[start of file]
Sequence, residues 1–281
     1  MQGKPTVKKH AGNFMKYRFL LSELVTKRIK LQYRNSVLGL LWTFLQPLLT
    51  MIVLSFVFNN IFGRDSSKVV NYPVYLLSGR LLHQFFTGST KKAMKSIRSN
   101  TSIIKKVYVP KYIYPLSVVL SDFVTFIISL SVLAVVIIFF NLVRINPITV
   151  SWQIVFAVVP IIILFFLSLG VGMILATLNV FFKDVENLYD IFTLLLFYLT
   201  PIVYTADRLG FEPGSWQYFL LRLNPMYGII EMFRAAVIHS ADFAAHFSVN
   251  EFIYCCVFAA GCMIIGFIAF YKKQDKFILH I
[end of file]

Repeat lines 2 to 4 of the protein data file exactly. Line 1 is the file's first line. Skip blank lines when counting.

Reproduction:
     1  MQGKPTVKKH AGNFMKYRFL LSELVTKRIK LQYRNSVLGL LWTFLQPLLT
    51  MIVLSFVFNN IFGRDSSKVV NYPVYLLSGR LLHQFFTGST KKAMKSIRSN
   101  TSIIKKVYVP KYIYPLSVVL SDFVTFIISL SVLAVVIIFF NLVRINPITV